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Melissa Mathison, ‘E.T.’ Screenwriter, Dead at 65

4 November 2015 3:27 PM, PST | The Wrap | See recent The Wrap news »

Melissa Mathison, screenwriter for “E.T.,” “The Black Stallion” and Martin Scorsese‘s “Kundun,” died Wednesday in Los Angeles after an illness. She was 65. Mathison was married to “Star Wars” actor Harrison Ford from 1983 to 2004 and they had two children together. The Oscar-nominated writer recently wrote the screenplay for Steven Spielberg‘s Roald Dahl adaptation of “The Bfg,” after working with the filmmaker on “E.T.” in 1982, for which she received an Academy Award nomination for Best Original Screenplay. “The Bfg” is currently in post-production. Also Read: Christopher Lee, 'Count Dracula' and 'Lord of the Rings' Star, Dead at 93 “Melissa had a heart that shined with. »

- Debbie Emery

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Day of the Dead Movie List: Top 5 Most Freakish Living Dead, Undead, and Ghosts

2 November 2015 9:22 PM, PST | Alt Film Guide | See recent Alt Film Guide news »

Hell's Kitchen: Soul stew image likely from the 1922 Benjamin Christensen horror classic 'Häxan / Witchcraft Through the Ages.' Day of the Dead post: Cinema's Top Five Scariest Living Dead We should all be eternally grateful to the pagans, who had the foresight to come up with many (most?) of the overworked Western world's religious holidays. Thanks to them, besides Easter, Christmas, New Year's, and possibly Mardi Gras (a holiday in some countries), we also have Halloween, All Saints' Day, and the Day of Dead. The latter two are public holidays in a number of countries with large Catholic populations. Since today marks the end of the annual Halloween / All Saints' Day / Day of the Dead celebrations, I'm posting my revised and expanded list of the movies' Top Five Scariest Living Dead. Of course, by that I don't mean the actors listed below were dead when the movies were made. »

- Andre Soares

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‘The Man with the Golden Gun’ catches Bond in transition

2 November 2015 8:39 PM, PST | SoundOnSight | See recent SoundOnSight news »

The Man with the Golden Gun

Written by Richard Maibaum & Tom Mankiewicz

Directed by Guy Hamilton

UK, 1974

One hallmark of the venerable Bond franchise is its willingness to change with the times. Sometimes the changes feel organic, like the shift to a more brutish Daniel Craig after international terrorism took center stage in the early 2000’s. Other times, however, you can smell Bond’s desperation to stay relevant. Such is the case with 1974’s middling entry, The Man with the Golden Gun.

Guy Hamilton’s fourth turn as Bond director (Goldfinger, Diamonds Are Forever, Live and Let Die) is a study in uncertainty. As Bond, Roger Moore is still searching for the debonair persona he would find in the upcoming classic, The Spy Who Loved Me. Surrounding Moore’s tentative performance are a collection of unfocused action set pieces, a less-than-formidable duo of Bond girls, and the most repugnant character in the series’ history. »

- J.R. Kinnard

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Scream and Scream Again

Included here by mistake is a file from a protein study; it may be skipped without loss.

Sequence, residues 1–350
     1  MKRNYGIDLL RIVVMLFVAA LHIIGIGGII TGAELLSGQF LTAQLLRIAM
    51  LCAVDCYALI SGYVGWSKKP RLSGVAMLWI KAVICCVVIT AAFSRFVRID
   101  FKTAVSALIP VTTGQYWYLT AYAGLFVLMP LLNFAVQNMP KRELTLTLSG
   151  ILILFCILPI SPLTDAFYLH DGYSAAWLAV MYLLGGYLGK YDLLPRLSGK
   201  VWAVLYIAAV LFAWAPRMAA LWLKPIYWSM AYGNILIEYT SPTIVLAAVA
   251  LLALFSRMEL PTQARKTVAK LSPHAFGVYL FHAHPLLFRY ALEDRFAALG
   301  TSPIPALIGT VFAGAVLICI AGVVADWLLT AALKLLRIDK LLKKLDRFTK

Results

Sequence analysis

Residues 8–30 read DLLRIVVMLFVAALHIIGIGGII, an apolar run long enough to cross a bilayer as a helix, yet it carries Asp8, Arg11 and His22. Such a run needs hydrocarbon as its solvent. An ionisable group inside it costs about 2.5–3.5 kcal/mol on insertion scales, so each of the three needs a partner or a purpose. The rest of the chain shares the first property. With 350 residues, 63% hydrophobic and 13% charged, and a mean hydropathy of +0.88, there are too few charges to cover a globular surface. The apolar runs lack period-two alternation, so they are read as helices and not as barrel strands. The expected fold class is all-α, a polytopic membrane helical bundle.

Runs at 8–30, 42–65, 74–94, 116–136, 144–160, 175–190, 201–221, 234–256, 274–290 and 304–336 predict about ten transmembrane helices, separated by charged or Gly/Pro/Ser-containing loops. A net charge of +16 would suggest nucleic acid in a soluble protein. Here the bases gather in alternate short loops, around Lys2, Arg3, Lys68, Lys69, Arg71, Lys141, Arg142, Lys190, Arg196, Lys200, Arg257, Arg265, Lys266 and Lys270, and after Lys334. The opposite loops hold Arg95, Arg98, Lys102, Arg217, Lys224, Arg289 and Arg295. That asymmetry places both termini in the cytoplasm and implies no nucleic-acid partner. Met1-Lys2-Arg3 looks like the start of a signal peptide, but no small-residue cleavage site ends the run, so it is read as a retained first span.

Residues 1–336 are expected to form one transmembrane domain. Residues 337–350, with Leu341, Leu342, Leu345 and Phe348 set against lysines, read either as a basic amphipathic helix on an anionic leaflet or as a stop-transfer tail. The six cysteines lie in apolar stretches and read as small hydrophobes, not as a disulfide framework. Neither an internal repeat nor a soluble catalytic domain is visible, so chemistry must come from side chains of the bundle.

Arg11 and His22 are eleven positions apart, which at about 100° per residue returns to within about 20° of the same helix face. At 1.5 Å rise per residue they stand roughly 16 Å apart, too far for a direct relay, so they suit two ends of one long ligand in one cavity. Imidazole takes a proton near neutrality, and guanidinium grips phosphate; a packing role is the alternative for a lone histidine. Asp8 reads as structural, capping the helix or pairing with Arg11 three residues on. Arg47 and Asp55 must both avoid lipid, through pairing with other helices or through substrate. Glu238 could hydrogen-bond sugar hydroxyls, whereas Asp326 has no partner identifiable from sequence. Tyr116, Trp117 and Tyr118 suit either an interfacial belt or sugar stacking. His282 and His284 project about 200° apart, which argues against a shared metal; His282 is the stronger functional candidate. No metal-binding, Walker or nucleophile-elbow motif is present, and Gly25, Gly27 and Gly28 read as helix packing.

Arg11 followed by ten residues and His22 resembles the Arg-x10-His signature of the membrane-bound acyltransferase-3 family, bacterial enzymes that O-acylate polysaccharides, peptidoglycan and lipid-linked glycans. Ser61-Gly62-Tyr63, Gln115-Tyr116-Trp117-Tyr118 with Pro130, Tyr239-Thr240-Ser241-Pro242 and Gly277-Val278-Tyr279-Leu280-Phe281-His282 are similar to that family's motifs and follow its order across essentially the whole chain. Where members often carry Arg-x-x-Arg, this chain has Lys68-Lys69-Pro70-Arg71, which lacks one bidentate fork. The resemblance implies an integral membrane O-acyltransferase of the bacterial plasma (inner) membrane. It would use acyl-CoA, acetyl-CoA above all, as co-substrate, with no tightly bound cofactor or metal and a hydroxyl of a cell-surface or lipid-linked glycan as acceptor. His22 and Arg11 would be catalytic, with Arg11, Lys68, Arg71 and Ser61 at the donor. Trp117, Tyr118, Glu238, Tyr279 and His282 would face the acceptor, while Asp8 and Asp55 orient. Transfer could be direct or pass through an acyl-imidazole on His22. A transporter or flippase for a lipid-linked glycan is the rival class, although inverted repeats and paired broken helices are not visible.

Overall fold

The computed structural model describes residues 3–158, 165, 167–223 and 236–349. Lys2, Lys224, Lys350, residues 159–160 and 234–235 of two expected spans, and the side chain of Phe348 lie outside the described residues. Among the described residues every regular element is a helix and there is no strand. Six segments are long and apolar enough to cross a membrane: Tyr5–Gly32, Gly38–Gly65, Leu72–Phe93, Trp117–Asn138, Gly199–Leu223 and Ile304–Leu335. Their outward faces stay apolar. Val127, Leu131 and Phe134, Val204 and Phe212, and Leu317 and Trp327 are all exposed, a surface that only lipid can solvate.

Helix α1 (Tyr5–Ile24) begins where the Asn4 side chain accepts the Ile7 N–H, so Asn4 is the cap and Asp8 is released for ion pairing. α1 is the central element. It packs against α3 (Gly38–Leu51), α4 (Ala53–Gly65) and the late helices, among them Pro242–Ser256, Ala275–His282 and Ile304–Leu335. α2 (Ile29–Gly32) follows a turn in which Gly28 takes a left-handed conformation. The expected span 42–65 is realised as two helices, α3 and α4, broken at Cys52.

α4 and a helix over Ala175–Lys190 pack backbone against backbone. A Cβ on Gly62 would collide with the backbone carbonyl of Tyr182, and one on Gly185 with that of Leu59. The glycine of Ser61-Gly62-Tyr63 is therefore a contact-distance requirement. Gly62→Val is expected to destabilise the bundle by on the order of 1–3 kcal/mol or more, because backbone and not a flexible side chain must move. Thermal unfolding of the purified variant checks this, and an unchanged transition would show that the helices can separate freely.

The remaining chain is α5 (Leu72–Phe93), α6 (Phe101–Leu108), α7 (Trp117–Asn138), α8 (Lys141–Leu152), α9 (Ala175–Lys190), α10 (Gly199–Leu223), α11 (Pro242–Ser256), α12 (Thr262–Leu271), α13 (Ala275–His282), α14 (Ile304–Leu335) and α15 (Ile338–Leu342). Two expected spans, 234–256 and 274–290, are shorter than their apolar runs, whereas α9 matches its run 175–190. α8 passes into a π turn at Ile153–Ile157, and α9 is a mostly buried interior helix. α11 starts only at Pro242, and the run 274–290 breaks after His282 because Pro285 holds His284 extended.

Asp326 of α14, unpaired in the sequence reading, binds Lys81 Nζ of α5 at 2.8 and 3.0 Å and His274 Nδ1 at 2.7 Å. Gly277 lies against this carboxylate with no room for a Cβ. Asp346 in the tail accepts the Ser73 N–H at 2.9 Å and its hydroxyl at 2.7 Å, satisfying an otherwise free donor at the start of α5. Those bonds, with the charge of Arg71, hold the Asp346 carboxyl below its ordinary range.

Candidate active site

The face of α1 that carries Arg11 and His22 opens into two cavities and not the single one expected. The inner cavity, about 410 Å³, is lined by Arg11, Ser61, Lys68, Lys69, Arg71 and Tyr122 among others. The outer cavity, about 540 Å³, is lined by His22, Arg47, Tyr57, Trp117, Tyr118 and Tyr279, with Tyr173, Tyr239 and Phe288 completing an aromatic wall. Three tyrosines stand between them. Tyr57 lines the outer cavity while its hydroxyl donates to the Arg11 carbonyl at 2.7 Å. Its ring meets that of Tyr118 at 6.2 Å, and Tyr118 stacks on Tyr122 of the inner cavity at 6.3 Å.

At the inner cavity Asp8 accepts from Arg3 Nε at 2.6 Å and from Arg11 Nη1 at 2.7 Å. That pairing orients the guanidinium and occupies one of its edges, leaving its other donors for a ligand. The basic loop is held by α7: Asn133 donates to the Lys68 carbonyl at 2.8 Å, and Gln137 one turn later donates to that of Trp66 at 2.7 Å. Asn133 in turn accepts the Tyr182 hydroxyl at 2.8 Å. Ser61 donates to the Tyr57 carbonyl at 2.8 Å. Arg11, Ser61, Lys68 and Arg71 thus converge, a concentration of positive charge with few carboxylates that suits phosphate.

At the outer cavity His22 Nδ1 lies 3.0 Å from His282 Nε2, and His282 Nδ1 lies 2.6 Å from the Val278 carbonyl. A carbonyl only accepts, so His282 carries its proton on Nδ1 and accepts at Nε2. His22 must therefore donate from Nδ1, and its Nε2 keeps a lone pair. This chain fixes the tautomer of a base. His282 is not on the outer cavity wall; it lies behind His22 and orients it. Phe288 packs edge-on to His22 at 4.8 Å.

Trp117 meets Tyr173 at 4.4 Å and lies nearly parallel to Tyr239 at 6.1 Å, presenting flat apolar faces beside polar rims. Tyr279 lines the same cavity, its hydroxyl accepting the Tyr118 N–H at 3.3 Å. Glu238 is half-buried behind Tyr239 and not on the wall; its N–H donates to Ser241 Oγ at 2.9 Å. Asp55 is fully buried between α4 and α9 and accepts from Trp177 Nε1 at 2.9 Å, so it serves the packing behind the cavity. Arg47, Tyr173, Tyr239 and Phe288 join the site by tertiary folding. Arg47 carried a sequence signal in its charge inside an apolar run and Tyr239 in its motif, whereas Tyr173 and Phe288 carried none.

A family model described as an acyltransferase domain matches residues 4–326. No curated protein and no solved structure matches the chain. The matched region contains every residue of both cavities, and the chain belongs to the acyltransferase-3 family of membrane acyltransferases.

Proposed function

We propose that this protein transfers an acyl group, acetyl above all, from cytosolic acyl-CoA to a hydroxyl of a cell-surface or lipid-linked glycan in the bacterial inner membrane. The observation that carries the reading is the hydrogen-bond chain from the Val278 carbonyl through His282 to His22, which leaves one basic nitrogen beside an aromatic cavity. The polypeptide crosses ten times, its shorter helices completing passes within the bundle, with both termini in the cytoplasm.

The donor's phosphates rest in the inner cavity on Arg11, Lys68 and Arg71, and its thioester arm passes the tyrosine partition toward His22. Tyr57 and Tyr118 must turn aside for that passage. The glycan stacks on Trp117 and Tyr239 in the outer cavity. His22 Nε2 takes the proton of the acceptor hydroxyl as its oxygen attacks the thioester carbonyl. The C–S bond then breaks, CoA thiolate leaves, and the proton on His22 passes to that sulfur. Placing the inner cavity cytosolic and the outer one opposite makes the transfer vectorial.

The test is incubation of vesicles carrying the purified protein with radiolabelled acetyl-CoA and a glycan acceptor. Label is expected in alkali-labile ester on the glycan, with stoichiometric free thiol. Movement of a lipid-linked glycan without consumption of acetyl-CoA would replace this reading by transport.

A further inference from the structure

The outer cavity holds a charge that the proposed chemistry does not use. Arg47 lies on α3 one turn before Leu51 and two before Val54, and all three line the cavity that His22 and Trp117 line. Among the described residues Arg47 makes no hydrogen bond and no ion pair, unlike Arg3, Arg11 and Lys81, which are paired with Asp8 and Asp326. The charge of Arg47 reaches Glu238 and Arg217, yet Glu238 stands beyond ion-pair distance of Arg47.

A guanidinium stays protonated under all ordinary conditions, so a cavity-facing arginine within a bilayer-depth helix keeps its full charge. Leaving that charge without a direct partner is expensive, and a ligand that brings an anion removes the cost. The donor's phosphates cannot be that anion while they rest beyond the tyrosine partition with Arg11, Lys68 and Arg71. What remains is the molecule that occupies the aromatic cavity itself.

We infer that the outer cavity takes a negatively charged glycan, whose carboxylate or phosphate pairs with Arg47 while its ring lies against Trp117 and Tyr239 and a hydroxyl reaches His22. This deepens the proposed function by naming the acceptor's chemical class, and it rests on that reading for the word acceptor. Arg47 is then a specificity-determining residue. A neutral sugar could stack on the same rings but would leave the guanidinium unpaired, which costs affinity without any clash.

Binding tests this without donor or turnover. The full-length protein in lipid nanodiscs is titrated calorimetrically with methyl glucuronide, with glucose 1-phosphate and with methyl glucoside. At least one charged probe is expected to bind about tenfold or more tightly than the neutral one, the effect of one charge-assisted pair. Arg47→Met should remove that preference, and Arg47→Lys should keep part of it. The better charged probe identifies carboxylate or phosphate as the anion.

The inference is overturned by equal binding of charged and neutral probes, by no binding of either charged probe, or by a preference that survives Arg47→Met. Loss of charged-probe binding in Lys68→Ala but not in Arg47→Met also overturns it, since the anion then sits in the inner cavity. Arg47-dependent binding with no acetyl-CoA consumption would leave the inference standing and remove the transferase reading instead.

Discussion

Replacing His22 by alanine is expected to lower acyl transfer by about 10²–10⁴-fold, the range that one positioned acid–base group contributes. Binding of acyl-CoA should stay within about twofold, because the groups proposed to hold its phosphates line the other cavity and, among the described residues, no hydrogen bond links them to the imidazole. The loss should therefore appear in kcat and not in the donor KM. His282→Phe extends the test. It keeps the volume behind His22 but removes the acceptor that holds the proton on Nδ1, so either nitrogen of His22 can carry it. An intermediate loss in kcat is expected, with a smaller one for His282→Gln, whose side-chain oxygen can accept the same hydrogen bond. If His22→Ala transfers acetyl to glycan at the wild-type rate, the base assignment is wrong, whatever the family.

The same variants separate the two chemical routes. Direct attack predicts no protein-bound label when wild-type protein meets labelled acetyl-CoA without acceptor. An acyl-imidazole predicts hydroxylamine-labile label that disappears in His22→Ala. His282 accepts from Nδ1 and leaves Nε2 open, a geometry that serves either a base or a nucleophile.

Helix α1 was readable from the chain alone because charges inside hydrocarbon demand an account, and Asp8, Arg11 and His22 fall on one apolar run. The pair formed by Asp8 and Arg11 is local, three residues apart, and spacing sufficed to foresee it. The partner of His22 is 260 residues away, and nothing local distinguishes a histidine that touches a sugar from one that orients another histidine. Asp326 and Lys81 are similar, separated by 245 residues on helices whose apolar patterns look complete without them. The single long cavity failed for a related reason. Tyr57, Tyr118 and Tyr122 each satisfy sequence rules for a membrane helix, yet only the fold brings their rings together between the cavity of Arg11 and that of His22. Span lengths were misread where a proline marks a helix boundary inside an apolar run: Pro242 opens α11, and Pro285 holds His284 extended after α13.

2 November 2015 5:07 PM, PST | Trailers from Hell | See recent Trailers from Hell news »

Vincent Price's diabolical surgeon produces a new breed of supermen, except that his latest 'composite' creation is also a serial-killing vampire. While the mayhem keeps the cops busy,  the conspiracy spreads to a foreign dictatorship, where another composite is consolidating power through high-level murders. British agent Christopher Lee is ferreting out the conspiracy-- or is he part of it? Scream and Scream Again Blu-ray Twilight Time Limited Edition 1969 / Color / 1:78 widescreen / 95 min. / Ship Date October 13, 2015 / available through Twilight Time Movies / 29.95 Starring Vincent Price, Christopher Lee, Peter Cushing, Alfred Marks, Christopher Matthews, Judy Huxtable, Yutte Stensgaard, Anthony Newlands, Michael Gothard Cinematography John Coquillon Production Design Bill Constable Film Editor Peter Elliott Original Music David Whitaker Written by Christopher Wicking from a novel by Peter Saxon Produced by Louis M. Heyward, Max Rosenberg, Milton Subotsky Directed by Gordon Hessler

Reviewed by Glenn Erickson

Scream and Scream Again hangs in there as a genre curiosity, »

- Glenn Erickson

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For Your Ears Only: Ranking the songs of James Bond

2 November 2015 9:00 AM, PST | SoundOnSight | See recent SoundOnSight news »

Let’s face it. The songs are the best parts of the James Bond movies. Throughout 007’s five decades, the title tracks are each film’s one hope of rising above dubious casting choices, retreads of old villains, and grandiose plots for world domination that will inevitably be foiled. And like all that other stuff, we like the songs because they’re another expected element in a series that’s filled with them, a pop cultural barometer for measuring the secret agent’s standing in the zeitgeist.

Bond songs can be aged bygones of their time with poetically vague lyrics that don’t add up to much, but the best ones rise above their period trappings to comment and reflect on their respective films. With Spectre set to hit American theaters this week, let’s look back at each and every title song in Metro Golden Mayer’s canon:

24. Rita Coolidge »

- David Klein